Synopsis by Josh Ralske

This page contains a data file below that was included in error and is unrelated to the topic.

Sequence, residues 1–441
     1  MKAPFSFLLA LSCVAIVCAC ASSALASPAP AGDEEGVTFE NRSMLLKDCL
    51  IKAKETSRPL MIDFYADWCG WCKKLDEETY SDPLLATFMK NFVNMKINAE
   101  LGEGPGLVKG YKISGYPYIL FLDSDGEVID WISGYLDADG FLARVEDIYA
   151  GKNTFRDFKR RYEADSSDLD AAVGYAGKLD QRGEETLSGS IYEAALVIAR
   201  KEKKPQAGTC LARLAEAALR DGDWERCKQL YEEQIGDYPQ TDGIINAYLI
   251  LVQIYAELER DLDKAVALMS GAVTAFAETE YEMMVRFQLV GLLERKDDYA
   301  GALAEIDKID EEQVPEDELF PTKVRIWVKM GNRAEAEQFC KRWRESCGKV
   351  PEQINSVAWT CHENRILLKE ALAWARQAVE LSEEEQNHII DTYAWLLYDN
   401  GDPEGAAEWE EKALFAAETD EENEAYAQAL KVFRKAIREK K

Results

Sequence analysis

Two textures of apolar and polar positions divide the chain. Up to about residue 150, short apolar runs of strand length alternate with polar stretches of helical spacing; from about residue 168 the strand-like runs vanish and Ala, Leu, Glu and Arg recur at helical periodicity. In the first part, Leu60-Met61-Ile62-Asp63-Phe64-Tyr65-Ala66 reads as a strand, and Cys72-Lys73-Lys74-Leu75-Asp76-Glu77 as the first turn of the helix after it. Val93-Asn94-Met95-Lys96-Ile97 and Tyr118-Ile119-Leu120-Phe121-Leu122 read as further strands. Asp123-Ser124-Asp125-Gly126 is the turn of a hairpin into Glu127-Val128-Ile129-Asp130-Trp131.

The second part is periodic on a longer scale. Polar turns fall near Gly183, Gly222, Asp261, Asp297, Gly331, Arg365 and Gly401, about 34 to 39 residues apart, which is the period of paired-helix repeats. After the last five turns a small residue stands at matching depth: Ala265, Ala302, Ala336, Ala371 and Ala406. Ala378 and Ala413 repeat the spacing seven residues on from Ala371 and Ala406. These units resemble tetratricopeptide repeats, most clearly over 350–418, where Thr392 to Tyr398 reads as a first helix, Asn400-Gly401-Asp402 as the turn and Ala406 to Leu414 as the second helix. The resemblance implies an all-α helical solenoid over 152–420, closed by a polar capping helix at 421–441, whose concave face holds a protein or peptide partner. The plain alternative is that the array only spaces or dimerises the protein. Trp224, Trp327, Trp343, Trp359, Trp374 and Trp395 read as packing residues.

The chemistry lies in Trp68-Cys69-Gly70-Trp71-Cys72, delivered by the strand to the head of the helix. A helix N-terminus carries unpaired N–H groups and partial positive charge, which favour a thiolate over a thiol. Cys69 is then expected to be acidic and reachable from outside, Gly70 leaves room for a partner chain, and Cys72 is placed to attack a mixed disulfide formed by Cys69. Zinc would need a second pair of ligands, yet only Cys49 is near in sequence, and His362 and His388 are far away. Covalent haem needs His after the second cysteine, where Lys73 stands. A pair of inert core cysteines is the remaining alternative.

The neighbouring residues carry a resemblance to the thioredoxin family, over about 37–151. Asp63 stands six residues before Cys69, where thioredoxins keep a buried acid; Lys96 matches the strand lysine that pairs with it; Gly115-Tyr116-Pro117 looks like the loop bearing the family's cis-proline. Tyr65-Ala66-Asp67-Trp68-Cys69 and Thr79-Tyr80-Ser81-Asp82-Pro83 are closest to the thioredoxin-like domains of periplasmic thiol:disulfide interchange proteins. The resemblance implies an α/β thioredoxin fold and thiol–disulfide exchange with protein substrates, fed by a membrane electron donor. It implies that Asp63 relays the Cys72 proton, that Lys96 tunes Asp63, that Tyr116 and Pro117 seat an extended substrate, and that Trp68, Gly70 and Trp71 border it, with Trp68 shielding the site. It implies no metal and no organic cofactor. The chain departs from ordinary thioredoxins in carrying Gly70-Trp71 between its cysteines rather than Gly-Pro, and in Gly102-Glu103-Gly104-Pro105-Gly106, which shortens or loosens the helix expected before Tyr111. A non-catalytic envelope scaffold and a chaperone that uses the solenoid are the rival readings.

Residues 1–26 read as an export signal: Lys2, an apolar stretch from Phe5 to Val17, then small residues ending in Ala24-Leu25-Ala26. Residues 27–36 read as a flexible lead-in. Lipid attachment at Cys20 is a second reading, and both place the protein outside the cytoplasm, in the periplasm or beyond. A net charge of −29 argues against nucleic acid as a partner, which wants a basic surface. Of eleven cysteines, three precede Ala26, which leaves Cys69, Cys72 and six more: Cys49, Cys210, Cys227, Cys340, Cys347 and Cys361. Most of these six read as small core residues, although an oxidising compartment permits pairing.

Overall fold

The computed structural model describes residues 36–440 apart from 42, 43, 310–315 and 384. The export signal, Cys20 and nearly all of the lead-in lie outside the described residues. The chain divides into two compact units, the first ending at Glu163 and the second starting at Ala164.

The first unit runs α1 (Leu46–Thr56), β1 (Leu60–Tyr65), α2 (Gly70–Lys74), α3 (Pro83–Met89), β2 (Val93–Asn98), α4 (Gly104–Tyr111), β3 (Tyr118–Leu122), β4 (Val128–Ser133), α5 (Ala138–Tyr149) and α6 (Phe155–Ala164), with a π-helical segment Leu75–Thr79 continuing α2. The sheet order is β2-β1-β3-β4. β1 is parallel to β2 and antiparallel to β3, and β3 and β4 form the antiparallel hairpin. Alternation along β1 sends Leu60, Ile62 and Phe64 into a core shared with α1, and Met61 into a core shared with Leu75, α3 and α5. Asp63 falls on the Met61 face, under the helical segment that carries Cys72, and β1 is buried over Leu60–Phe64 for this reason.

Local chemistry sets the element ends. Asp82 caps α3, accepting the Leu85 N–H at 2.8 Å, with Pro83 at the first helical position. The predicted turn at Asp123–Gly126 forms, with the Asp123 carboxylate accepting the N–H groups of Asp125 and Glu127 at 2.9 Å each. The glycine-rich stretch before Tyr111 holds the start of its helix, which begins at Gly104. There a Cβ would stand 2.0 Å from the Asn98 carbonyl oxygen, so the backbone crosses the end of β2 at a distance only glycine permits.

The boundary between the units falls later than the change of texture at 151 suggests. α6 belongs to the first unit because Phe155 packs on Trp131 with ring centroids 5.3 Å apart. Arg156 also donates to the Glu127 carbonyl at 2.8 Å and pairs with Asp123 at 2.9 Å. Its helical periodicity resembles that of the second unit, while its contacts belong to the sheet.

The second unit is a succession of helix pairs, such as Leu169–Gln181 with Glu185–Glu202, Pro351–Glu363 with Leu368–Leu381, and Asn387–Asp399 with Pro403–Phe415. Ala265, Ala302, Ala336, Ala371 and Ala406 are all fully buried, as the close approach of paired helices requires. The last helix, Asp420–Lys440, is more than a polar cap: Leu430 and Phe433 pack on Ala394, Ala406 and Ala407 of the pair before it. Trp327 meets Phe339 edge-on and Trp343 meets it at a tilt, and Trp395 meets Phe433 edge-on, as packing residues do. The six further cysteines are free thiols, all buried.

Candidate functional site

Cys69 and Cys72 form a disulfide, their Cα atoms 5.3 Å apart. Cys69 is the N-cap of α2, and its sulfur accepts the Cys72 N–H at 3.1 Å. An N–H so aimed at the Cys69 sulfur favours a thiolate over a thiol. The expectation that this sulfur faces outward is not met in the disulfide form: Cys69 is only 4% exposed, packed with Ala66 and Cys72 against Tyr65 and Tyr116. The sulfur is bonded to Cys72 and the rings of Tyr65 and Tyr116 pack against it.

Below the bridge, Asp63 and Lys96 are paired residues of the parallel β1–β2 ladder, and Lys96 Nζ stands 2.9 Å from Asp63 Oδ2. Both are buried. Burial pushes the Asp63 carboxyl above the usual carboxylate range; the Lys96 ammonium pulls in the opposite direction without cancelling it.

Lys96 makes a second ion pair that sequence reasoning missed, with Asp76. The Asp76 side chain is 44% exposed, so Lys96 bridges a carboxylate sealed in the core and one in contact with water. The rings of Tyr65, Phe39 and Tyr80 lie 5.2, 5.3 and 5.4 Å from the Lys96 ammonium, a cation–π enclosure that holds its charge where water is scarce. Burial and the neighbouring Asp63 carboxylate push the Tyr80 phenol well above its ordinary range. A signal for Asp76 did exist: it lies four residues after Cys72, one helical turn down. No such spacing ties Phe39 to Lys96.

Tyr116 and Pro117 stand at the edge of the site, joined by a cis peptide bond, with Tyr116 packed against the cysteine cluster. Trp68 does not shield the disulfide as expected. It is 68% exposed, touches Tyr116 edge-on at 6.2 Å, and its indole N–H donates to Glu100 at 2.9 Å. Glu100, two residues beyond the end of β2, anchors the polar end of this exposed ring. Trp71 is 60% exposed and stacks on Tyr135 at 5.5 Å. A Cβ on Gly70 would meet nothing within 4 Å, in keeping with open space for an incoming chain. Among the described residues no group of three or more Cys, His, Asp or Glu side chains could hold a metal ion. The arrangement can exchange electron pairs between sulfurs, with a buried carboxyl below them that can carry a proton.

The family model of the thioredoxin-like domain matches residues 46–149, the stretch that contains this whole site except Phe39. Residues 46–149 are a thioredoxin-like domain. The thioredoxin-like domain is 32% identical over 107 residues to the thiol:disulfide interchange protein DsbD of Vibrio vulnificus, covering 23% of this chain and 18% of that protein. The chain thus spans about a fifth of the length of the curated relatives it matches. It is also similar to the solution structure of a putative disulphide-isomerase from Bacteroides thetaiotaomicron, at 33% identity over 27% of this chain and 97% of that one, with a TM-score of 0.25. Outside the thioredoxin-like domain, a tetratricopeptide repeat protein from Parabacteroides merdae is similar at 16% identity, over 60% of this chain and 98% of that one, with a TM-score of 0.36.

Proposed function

After the success of the political satire Bienvenido Mister Marshall (co-written by Juan Antonio Bardem, uncle of actor Javier Bardem, and Luis García Berlanga), That Happy Couple -- written and directed by Bardem and Berlanga in 1951, and starring the legendary Spanish actor/director Fernando Fernán Gómez -- was released in Spain in 1953. Gómez stars as Juan, who struggles to make a living working as a technician at the local film studio and is always on the lookout for some moneymaking scheme. He has a bunch of correspondence school diplomas on his wall, but he still can't fix his radio. His wife, Carmen (Elvira Quintillá), meanwhile, is obsessed with contests and sweepstakes, for example buying more soap than the pair will ever need in hopes of winning some prize. A shady character working in the local theater convinces Juan to "borrow" some film from the studio and invest his money and equipment in a photography business. Juan loses his job, and then learns that his business partner has run off. The tension that has been simmering between him and Carmen, rooted in their financial woes, reaches a boil. Just then, a gentleman enters their apartment with important news. Carmen has won a contest sponsored by a soap company, and she and Juan have been selected as "That Happy Couple," and are expected to spend the day visiting fancy shops and restaurants in Madrid, and promoting Florit Soap. Juan impulsively decides to use the Florit car to track down his shady partner, but when he joins Carmen later, they find that the high life is not all it's cracked up to be. That Happy Couple was shown at the Walter Reade Theater as part of a tribute to Gómez during the Film Society of Lincoln Center's 2004 edition of Spanish Cinema Now.